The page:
An impressive new selection of Henry James's short stories, edited by Pulitzer Prize-nominated James biographer Michael Gorra
This volume gathers seven of the very best of Henry James's short stories, all exploring the relationship between art and life. In the title story, "The Aspern Papers," a critic is determined to get his hands on a great poet's papers hidden in a faded Venetian house--no mater what the human cost. "The Author of Beltraffio," "The Lesson of the Master," and "The Figure in the Carpet" all focus on naive young men's unsettling encounters with their literary heroes. In "The Middle Years," a dying novelist begins to glimpse his own potential, while "The Real Thing" and "Greville Fane" explore the tension between artistic and commercial success. These fables of the creative life reveal James at his ironic, provocative best.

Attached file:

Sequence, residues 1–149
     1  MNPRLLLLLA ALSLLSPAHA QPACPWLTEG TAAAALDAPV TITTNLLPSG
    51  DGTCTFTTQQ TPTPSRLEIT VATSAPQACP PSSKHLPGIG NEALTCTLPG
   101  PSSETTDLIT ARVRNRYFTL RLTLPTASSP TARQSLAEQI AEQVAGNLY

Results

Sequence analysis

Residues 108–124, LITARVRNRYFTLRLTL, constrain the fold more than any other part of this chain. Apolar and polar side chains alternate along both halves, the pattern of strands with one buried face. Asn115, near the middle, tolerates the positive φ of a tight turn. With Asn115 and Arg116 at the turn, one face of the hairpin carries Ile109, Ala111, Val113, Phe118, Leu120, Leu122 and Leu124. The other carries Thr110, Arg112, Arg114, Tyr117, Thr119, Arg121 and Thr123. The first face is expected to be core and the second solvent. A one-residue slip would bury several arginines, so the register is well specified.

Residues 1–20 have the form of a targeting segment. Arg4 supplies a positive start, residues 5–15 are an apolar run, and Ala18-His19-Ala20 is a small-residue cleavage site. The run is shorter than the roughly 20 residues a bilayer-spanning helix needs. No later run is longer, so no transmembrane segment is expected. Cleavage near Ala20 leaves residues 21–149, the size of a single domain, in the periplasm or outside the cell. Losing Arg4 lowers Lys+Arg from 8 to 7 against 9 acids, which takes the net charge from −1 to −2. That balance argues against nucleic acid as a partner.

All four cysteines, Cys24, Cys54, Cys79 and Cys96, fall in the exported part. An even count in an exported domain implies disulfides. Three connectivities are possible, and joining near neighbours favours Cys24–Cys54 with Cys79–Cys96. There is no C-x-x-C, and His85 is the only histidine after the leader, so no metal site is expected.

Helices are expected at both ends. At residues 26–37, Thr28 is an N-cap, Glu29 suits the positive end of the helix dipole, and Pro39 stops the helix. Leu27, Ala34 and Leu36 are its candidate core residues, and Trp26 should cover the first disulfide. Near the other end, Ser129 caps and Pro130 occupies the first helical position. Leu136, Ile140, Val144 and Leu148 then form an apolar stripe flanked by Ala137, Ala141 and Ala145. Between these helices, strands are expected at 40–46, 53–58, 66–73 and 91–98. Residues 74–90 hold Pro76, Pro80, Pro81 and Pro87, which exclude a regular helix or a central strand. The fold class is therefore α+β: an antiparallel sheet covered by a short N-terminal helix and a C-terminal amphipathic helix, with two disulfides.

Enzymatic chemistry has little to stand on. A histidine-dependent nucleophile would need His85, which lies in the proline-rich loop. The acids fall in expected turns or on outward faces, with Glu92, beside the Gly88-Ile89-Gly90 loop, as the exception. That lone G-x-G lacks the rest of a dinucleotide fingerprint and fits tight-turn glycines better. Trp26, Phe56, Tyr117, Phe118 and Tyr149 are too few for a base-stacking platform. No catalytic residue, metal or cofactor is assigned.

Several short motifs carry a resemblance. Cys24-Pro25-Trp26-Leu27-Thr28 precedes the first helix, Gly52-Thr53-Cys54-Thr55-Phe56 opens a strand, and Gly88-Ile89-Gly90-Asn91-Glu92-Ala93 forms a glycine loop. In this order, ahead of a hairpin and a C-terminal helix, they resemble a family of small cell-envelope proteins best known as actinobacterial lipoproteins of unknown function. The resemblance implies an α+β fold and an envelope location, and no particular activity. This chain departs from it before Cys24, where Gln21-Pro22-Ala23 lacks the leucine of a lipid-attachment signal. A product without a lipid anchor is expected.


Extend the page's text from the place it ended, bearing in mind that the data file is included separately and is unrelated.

For more than seventy years, Penguin has been the leading publisher of classic literature in the English-speaking world. With more than 1,700 titles, Penguin Classics represents a global bookshelf of the best works throughout history and across genres and disciplines. Readers trust the series to provide authoritative texts enhanced by introductions and notes by distinguished scholars and contemporary authors, as well as up-to-date translations by award-winning translators.
HENRY JAMES (1843-1916) wrote some twenty novels, including "Washington Square," "The Portrait of a Lady," and "The Ambassadors," in addition to many short stories, plays, and books of criticism, autobiography, and travel. MICHAEL GORRA is a professor of English at Smith College and the author of "Portrait of a Novel: Henry James and the Making of an American Masterpiece." PHILIP HORNE is a professor of English at University College London. He is an authority on nineteenth-century literature, specifically the works of Charles Dickens and Henry James.